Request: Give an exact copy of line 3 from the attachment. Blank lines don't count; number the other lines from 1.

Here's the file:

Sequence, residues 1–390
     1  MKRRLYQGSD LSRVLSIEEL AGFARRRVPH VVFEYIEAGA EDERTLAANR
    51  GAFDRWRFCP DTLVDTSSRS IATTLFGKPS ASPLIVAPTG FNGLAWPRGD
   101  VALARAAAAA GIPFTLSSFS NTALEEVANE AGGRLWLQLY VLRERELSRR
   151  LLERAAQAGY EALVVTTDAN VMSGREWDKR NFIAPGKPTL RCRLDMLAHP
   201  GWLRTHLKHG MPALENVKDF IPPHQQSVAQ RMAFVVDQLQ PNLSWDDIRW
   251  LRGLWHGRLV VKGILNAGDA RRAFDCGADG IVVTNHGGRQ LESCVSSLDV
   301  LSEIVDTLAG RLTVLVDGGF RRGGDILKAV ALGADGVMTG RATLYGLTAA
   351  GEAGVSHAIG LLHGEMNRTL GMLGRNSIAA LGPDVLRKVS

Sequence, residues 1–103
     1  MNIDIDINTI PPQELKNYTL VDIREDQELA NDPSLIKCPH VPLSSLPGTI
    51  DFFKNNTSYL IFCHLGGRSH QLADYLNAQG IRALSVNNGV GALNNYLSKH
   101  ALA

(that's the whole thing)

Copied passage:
    51  GAFDRWRFCP DTLVDTSSRS IATTLFGKPS ASPLIVAPTG FNGLAWPRGD